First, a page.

I’ve yet to talk to her “parents” about it because I don’t know them very well and it’d just be a very creepy conversation. Saying something like “Becky says that Chloé looks she could be my kid” just screams out “I’m going to a be a prime suspect if your kid gets kidnapped” and makes for a terrible first impression. I’m sure they’re nice people and they’d probably find some humor in it, but it’s just kind of an unnecessary conversation to have, since they probably don’t understand that she’s my child that’s been sent from the future. I mean, it’s the only way this all makes sense.
Obviously there’s a lot that I’m still figuring out about all of this, so I’ve written a letter to my wife in the future to get this all squared away.
Dear Wife in the Future,
How are you? I hope you’re doing well. I apologize for not knowing your name, or what pet names we go by. It’s possible that I haven’t met you yet, though it’s also possible that I already know you. I can’t be sure since our daughter who you sent to the past (or for me, the present), looks EXACTLY like me. I’m not sure how time travel works, since it hasn’t been invented yet, and I also have a very poor knowledge of how the Terminator universe works, so excuse me for not knowing how I should react to all of this.
I’m actually not sure if Chloé knows what she’s supposed to do either. From my understanding, she should be sent to the past to save me, her father, right? She seems quite pre-occupied with protecting this baby Cole, who she claims is her “brother”. I realize she’s a very bright kid so I assume that maybe something got messed up during the time travel or that she was supposed to get sent back farther into the past when I was a baby. I’m not sure. I haven’t seen an episode of Quantum Leap in ages. Would it have been too much to ask to have sent Chloé to the past with a note taped to her back or something? Also, while I know I’ve been broke since getting out of college, I think I’d appreciate taking care of my daughter instead of tricking some couple to take care of her, but perhaps she and I are not supposed to interact or be cognizant of each other. I was pretty in the dark about the whole deal until Becky (I don’t know if you know Becky, but I play electric guitar for her in the present) told me about the similarities between us. Don’t worry, I haven’t told Chloé about that. She’s obviously on some sort of mission from the future and I don’t want to confuse her.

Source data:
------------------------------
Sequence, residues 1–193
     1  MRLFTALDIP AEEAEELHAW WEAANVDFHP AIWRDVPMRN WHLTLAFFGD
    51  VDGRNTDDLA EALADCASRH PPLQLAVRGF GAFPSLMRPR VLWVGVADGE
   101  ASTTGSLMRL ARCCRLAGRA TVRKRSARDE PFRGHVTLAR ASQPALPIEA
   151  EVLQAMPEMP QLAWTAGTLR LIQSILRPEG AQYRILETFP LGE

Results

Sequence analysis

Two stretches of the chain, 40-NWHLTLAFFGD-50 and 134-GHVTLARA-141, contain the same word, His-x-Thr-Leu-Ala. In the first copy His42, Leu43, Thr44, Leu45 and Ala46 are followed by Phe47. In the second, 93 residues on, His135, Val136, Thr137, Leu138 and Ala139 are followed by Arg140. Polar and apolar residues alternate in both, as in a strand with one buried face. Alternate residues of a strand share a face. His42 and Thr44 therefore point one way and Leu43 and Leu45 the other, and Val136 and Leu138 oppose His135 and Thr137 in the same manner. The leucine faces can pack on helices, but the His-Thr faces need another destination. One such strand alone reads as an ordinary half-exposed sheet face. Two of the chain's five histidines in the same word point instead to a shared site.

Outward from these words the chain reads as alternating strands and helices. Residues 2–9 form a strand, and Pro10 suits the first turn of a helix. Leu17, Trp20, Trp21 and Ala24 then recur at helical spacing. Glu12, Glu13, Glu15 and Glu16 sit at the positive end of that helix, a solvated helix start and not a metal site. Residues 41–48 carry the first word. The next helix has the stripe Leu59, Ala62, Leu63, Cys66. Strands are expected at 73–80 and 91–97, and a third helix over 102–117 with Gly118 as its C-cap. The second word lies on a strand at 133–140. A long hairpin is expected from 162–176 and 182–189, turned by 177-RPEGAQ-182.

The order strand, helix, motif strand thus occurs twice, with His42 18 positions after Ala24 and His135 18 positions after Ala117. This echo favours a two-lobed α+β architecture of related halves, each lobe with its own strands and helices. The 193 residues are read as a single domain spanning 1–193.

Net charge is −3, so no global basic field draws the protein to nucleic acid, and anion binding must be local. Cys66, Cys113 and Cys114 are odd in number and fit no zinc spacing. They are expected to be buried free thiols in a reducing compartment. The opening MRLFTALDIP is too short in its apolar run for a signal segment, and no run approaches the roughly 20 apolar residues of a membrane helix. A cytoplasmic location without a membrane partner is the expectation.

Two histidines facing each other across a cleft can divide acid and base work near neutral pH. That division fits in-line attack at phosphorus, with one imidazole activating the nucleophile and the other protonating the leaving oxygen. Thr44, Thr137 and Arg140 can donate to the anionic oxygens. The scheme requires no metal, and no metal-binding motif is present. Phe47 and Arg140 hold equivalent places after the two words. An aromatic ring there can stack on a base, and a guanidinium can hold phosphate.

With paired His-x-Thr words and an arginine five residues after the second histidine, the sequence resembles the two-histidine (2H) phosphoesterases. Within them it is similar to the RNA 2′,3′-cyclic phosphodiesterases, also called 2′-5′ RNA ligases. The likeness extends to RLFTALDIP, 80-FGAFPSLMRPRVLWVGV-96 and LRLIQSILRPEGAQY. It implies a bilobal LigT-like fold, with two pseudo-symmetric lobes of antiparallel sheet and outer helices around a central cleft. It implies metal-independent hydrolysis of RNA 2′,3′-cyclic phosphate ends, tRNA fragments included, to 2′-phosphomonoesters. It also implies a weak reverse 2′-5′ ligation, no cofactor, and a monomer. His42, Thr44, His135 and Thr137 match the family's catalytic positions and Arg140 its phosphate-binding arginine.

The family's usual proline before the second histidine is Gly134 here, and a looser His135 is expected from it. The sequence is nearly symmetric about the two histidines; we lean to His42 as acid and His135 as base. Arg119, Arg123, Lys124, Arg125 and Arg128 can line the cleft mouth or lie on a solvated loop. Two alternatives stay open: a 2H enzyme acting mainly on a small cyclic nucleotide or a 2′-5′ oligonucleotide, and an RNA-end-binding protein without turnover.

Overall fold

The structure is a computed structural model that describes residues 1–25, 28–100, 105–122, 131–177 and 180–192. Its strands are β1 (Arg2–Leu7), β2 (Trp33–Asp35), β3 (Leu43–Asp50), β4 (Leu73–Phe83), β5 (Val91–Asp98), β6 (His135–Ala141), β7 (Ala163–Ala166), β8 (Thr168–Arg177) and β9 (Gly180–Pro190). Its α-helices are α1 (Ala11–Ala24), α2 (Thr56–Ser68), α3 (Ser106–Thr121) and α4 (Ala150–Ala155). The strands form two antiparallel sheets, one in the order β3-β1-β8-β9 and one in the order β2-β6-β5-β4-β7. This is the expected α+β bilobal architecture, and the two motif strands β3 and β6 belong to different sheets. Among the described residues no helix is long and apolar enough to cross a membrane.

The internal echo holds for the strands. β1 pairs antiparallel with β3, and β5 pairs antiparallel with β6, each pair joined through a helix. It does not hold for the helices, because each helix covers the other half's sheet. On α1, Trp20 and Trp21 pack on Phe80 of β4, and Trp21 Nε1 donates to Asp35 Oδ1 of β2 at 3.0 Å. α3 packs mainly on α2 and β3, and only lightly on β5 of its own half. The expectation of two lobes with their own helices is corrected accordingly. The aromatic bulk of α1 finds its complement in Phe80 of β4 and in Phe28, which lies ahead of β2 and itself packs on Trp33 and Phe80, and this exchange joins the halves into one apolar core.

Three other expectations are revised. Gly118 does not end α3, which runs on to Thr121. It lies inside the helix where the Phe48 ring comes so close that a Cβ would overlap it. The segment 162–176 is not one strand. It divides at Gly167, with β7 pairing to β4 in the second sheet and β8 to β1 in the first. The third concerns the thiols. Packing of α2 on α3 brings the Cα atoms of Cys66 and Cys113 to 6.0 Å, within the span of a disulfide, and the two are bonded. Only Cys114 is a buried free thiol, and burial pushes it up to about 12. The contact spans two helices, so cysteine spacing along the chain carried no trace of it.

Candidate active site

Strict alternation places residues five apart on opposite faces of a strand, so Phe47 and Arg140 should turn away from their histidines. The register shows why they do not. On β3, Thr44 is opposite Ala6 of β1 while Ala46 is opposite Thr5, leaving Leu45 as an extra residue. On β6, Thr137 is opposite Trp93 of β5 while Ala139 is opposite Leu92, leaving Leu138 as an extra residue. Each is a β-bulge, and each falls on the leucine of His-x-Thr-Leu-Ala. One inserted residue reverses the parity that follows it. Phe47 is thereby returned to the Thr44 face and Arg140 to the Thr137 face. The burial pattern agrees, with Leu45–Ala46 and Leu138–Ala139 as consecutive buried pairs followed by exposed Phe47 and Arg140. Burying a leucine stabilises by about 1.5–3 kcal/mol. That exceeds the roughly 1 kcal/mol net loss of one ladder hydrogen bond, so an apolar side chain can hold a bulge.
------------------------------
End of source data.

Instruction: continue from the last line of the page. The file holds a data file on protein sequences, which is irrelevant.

Of course, I’m very very confused about everything that’s going on right now. Is she supposed to stop someone else from the future from assassinating me? How many years away is this event? Isn’t she a little young for this? Is just going to tell me to stop eating so much Korean fried chicken?  Believe me, I’m trying to stop and I’m trying to exercise more.  Do they still sell Bathing Ape clothes in the future? I always want to yell at the other kids when they play too rough, but I still keep my distance from her. There’s too many movies and shows about time travel so I’m not sure what rules I need to adhere to. I’m just going to assume that we’re not abiding by Time Cop‘s rules, or we might be royally screwed.
Also, when you write me back, can you tell me when we start dating? While I have friends who are “happy to be single”, I’m quite miserable. Also, please tell me that I finally found a way to get out of Irvine. Thanks.

I can understand why sports video games leave certain things out.  We don’t need to see play stopped because some fan threw a beach ball into the outfield or watch some guy mop up the floor after a guy takes a charge on the basketball court.  Do these things happen?  Yes.  Do they happen pretty often?  Yup.  Do I miss them when I’m playing a video game?  Not at all.  These are things that only a hardcore sports fan thinks about, but I think the majority of us (yes, I love my sports, but not too much…) are fine with these omissions.  These are artificial things that don’t really affect the players, physically, emotionally, or psychologically.  Unfortunately, there are things that are omitted from the games that do effect players on the emotional and psychological level.  Do I feel like they need to be in the game?  Yes.  Why?  Because it definitely effects the people playing the game, as it would in real life.